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Reputation, relationships and communication

| September 10, 2012 | 0 Comments

Marketing in UK independent schools

By Cheryl Read

As the number of independent schools rises, and the competition for attracting top-quality students and teachers is heightened, those involved in the governance of schools cannot ignore this reality.

To fulfil the requirements for an MBA degree, my research component was entitled ‘A comparison of the marketing of independent schools in South Africa and the United Kingdom’. I set out to understand how our independent schools are marketing themselves to find out if UK schools faced similar issues. I had the privilege of visiting a few of the top independent schools in the UK, namely Harrow School, Eton College, Marlborough College, Caterham School, Chiswick Grammar School, Cranbrook School, Harrogate Ladies College, Sevenoaks School, Bootham School, Ashville College for Girls, St Albans School for Girls, Hertfordshire and St Albans School for Boys, Hertfordshire. For the purpose of this article, the focus will be mainly on the findings with regard to the UK schools.

Marketing vs PR

Throughout all the interactions that I had with British independent schools, never did I meet with a ‘marketing director’ or a ‘marketing department’. I very quickly learnt to refer to ‘public relations (PR) or communication directors’ or alternatively, ‘business development teams’ or ‘relationship teams’. Although these schools do not refer overtly to marketing, each has a very clear marketing strategy focusing on three areas: relationships, reputation and communication.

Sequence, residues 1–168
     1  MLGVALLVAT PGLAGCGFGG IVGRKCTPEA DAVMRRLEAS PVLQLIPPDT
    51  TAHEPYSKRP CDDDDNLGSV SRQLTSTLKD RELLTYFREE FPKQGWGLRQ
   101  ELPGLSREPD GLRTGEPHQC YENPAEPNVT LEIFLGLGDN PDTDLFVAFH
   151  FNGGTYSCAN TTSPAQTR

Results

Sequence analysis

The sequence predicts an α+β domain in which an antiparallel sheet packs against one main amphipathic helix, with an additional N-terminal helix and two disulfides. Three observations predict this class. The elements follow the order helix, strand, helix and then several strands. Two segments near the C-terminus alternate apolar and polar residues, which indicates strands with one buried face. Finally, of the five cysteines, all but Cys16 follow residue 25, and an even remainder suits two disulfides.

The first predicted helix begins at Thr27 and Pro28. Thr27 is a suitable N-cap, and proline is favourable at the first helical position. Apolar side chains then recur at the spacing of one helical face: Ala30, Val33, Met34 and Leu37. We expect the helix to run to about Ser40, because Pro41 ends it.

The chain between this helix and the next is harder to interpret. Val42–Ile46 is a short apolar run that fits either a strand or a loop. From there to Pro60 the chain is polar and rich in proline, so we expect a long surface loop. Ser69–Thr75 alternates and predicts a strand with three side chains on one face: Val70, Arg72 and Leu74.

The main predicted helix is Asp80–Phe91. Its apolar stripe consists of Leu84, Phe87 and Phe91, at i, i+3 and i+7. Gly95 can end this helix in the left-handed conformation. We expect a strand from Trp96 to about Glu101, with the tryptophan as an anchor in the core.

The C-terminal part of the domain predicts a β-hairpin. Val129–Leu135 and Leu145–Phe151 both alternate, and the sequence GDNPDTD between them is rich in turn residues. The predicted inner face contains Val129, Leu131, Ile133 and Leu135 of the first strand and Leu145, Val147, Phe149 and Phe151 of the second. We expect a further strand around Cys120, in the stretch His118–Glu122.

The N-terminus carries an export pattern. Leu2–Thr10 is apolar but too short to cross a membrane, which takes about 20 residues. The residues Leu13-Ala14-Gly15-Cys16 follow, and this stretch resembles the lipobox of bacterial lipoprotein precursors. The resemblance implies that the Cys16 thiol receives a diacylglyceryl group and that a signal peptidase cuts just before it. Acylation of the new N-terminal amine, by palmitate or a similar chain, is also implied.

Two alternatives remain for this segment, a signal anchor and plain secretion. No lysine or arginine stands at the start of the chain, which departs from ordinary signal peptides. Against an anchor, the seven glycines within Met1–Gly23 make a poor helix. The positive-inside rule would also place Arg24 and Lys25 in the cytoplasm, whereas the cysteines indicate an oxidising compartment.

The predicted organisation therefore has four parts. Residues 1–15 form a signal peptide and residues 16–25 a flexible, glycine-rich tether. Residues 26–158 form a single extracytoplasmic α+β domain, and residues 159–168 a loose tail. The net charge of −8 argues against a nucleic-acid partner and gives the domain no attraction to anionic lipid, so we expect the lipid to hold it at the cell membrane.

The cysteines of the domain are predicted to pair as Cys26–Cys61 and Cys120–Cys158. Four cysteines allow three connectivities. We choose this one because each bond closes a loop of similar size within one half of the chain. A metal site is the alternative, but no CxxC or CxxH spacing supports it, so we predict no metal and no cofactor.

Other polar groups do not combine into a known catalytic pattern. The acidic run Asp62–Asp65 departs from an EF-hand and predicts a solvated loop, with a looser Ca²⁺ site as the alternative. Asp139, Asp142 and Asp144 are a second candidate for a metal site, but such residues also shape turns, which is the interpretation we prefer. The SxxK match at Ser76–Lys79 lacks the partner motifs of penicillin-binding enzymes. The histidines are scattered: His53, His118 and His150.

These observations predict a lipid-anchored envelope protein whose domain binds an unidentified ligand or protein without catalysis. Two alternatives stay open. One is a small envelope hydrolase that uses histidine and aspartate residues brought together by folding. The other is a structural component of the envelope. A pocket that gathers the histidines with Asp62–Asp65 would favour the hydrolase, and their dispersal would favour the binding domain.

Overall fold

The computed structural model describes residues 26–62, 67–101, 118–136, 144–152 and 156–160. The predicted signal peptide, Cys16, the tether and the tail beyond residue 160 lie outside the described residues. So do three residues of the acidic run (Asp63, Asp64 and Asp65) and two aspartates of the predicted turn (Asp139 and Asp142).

“Even before any parent or pupil places a foot on your school grounds, your reputation is your school,” said the PR representative at a top independent boys’ school just outside London. Another elite boys’ boarding school communications director told me that the school’s reputation “was its only marketing tool”. Both respondents went on to say that instead of ploughing money into “gimmicky marketing efforts” their schools fostered strong relationships with alumni as well as their current parent bodies, believing both to be “their strongest marketers”. A co-educational school in Yorkshire stated that it aimed to “walk its talk”. Another school stated that “our examination results and consequent research suggest that the head’s leadership is considered to be important when parents choose a school”. Other criteria noted were sporting results, ‘car park talk’ and discipline management.

External vs internal

My research revealed that independent UK schools believe that external marketing will occur naturally as a result of their excellent internal and interactive marketing. The diagram below clearly explains the three key marketing processes.

The complication in education marketing is that the consumer (the pupils) and the buyer (the parents) are different people. It is vital that a school manages both their consumer’s and buyer’s expectations.